Edinburgh: Sketch practice (contains “tasteful nudity”)

Saturday morning I got myself out of bed sooner than I wanted and headed out to the National Gallery for some life drawing, picking up a sausage roll along the way. When I arrived at the front desk, a bit breathless and hot, I found out that the morning drawing session had sold out. So I signed up for the afternoon session instead, and then went into the museum’s restaurant for a bit more breakfast and my Morning Pages.

Aberdeen buttery with more butter and housemade orange marmalade, tea and shortbread.

I ordered what the menu called an Aberdeen buttery, which looks and tastes (and trails crumbs) pretty much like a squashed croissant. After my rich sausage roll it was a bit much for me, but I loved the house-made orange marmalade, and the tea was just what I wanted. As you can see my cat hat kept me company while I ate and wrote.

Afterward I went to my first Scottish farmers’ market — I’ll post about that tomorrow — and then, finding myself with two hours to kill but not feeling up to a trip back home, I settled myself on the back steps of Usher Hall and made a sketch of the corner where Cambridge Street meets Lothian Road.

Street sketch

I ended up drawing for over an hour and that left me just enough time to get back to the museum for the drawing class.

By the way, my initial observation at the Kelvingrove Museum is so far holding true: no one here pays any attention to me when I sketch out in public. No one says anything, no one stands over me watching, no one even lets their eyes linger over me for longer than they would if I were not drawing. (This is in contrast with the friendly comments I got from Americans and Canadians, and the eager interest demonstrated by passersby in Taiwan!) Even when I’m wearing a silly hat!

Lisa wearing cat hat, sitting on the steps of Usher Hall

This is in keeping with my impression of Scottish behavior among strangers. People are quite nice and friendly one-on-one, but unless you have some clear reason for interacting or making eye contact, people seem to mind their own business. I can’t decide whether I like this or not, and I think the answer is both. As a slightly nervous newcomer to the country, I’m relieved not to be accosted, but as an American, I do sometimes feel lonely when no one approaches me. Anyway, since drawing is not the best time to converse, I don’t mind too much either way.

When I got back to the museum, I found the classroom already set up with easels, paper, charcoal, and a padded space and cushions for the model.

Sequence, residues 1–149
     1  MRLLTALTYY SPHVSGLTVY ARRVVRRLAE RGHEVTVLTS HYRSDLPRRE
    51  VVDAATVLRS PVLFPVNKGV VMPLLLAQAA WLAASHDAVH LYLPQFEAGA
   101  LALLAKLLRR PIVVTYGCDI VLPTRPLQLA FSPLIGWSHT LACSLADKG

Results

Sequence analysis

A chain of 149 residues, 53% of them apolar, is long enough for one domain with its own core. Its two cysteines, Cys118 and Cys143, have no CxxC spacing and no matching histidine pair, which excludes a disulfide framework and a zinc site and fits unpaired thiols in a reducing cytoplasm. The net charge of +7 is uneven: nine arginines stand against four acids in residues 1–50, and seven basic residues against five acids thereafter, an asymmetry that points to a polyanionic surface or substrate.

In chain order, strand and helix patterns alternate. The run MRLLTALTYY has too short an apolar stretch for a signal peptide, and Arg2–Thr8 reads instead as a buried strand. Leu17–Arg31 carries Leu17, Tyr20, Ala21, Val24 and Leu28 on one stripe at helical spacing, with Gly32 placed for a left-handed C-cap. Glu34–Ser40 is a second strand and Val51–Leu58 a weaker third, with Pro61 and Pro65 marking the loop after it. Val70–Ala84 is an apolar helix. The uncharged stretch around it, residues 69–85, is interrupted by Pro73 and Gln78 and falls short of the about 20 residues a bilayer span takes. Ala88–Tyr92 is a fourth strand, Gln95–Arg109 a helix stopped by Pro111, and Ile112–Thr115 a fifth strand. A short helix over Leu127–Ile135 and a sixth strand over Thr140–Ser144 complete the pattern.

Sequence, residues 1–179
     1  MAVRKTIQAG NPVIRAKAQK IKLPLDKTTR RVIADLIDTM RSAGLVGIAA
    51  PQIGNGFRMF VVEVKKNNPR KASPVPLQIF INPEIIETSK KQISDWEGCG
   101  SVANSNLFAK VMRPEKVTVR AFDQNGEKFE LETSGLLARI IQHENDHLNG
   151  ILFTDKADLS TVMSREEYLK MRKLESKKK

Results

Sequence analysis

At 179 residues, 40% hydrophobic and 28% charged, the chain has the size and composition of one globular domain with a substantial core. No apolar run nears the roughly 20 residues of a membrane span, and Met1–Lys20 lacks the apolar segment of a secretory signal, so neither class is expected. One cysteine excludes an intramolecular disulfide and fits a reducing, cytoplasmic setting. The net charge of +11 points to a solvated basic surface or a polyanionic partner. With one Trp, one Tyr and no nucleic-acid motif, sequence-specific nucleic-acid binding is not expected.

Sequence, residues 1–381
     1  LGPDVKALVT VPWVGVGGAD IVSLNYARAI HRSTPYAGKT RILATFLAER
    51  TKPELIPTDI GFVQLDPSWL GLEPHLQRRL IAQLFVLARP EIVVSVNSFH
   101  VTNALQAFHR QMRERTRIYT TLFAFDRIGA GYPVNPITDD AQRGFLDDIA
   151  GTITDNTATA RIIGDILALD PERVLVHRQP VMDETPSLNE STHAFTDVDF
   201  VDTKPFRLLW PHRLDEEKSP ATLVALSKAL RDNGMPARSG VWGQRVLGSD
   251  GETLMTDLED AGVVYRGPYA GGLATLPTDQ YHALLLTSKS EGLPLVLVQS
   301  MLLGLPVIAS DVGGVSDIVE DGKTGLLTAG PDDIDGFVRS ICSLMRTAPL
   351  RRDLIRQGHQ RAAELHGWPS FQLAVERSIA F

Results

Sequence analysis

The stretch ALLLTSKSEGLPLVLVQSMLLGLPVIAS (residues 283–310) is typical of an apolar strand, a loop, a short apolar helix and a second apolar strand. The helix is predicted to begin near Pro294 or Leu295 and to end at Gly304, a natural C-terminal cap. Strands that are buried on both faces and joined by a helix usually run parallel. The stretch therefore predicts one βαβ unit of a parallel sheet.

Classroom with easels and an area for the model

The instructor, artist Graham Flack, made me very warmly welcome (see? friendly one-on-one) and after a while the class got underway. It was my first tutored life drawing class in years, but even so it wasn’t really a class; Graham just went around checking out everyone’s work and offering helpful suggestions. He said we would be doing only “short poses” of 20 and 30 minutes, but as I’m accustomed to sessions where most poses are 2-10 minutes, this was fine with me! There were about 8 of us there and the skill level ranged from newbie to experienced artist. I was the youngest, I’m pretty sure.

Standing nude woman

It’s been a really long time since I did any drawing on an easel, and even longer since I touched charcoal. As I told Graham, I have a love-hate relationship with the stuff, especially vine charcoal (which is softer, and makes lighter marks, than compressed charcoal). It’s very tactile because your hand is close to the page and you can smear the marks with the slightest touch, but it’s also messy and fiddly, and — this is going to sound ridiculously fastidious — my fingertips always feel a little sensitive after a couple of hours of smudging the rough paper.

20-minute seated pose

Anyway, whatever. It’s good practice to try new things, and it really was nice to be able to use an easel and charcoal, since those are two things I wouldn’t consider bringing on our travels! It took me a little while to get used to them again, and to the big size of the paper (I think it’s 18″ x 24″ and the biggest sketchbook I brought with me is 11″ x 14″). I kept making the model look bigger than she is. But oh well. Practice.

Standing nude woman from behind

Tricky lying-down pose with foreshortening

When I left the gallery, the sun was out and people were all over the East Princes Street Gardens, as if it were a beach.

Saturday afternoon in the East Princes Street Gardens

I was tired from all my drawing and running around, and from not having had lunch, so I trudged up one of the city’s many flights of steps (carrying all the farmers’ market purchases, and now my rolled-up charcoal drawings) and then — after a bit of confusion when I forgot which side of the street cars drive on — caught a bus back home.